SYDNEY (Reuters) - Australian authorities said on Sunday they were checking whether rockmelons had been exported from a farm where fruit contaminated with listeria has been found to have killed three elderly people and caused illness in at least 12 others.
New South Wales Food Authority said that the company whose rockmelons, also called cantaloupes, had been contaminated with listeria, is an exporter of produce.
The Department of Agriculture and Water Resources told Reuters via email that it was investigating whether any rockmelons, also called canteloupes, had been exported.
“Australia will be issuing notifications in line with international obligations when affected countries are identified,” the department said in the email.
It declined to name possible export destinations, or if any had been recalled, while the investigation was underway.
Australian rockmelons with an export value of about $20 million per year go to Singapore, Hong Kong, New Zealand, the United Arab Emirates and Brunei, the Australian Melon Industry says in a report on its website.
The suspect cantaloupes were found to have been farmed at Nericon in the eastern state of New South Wales, however all government departments contacted refused to name the company that is the focus of the health scare.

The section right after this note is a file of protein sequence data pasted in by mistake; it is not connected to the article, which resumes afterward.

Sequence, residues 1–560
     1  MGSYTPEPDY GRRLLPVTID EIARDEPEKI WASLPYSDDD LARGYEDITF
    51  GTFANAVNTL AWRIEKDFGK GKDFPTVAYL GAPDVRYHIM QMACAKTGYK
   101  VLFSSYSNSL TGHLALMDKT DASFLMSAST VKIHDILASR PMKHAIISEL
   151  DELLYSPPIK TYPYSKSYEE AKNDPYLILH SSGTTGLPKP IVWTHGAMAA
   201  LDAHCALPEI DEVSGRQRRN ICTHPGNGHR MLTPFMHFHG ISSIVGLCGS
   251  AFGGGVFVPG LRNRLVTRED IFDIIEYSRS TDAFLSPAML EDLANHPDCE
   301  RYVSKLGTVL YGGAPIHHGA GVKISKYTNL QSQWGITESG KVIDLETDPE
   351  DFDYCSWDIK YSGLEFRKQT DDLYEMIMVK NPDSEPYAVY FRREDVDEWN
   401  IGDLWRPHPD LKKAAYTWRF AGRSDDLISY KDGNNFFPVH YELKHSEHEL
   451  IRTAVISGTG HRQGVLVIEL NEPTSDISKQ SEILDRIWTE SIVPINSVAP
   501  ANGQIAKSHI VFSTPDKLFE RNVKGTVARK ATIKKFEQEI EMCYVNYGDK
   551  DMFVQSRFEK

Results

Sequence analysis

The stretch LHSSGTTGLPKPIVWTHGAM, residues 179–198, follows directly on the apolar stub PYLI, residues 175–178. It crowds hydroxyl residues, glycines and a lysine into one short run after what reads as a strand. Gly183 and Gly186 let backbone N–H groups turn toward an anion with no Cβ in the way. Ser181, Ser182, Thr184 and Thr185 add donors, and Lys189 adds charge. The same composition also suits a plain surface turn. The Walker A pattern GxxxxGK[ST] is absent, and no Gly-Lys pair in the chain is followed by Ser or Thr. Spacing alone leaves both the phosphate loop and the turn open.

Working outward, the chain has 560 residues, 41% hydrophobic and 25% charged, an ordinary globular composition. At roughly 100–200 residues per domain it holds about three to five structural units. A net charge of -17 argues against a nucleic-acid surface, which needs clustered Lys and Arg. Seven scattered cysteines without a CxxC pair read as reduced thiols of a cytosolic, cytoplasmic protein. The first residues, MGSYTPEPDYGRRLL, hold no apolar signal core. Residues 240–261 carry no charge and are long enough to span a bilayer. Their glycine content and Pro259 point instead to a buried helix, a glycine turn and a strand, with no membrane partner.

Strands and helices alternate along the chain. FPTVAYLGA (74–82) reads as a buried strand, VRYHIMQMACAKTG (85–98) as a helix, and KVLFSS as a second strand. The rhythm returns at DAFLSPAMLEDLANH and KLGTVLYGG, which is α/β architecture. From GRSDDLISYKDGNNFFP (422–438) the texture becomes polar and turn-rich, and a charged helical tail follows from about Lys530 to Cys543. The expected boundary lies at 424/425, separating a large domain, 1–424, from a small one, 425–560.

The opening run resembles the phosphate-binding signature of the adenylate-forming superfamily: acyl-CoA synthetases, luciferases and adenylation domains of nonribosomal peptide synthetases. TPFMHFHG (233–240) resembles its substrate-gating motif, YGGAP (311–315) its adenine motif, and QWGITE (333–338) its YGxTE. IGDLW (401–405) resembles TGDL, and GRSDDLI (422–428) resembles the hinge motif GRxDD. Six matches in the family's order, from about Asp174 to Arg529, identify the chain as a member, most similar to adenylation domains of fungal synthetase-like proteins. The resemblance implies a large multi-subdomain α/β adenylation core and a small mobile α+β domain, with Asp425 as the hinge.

But, Dianne Fullelove, industry development manager for the Australian Melon Association, told Reuters by text message that the grower had issued a trade level recall, meaning that its produce should not be on sale anywhere, either inside or outside the country.
“There is none of the produce from the implicated farm now in domestic or export markets,” she said.
State health officials have confirmed they began investigating the listeria outbreak on February 19.
Listeriosis does not cause illness in many people but it can result in serious sickness and death in those with weakened immune systems.
Health authorities assured the public that all contaminated rockmelons were removed from Australian supermarket shelves.
Listeriosis symptoms can take up to six weeks to appear. The flu-like symptoms can lead to nausea, diarrhoea, infection of the blood stream and brain.
The bacteria is found in soil, water and vegetation and can contaminate food anywhere during the production process from harvesting to serving.
Foods that can pose a risk of listeriosis include pre-cut melons, cold salads, raw seafood and smoked salmon, unpasteurised milk products, sprouted seeds and raw mushrooms.
Reporting by Alison Bevege; Editing by Simon Cameron-Moore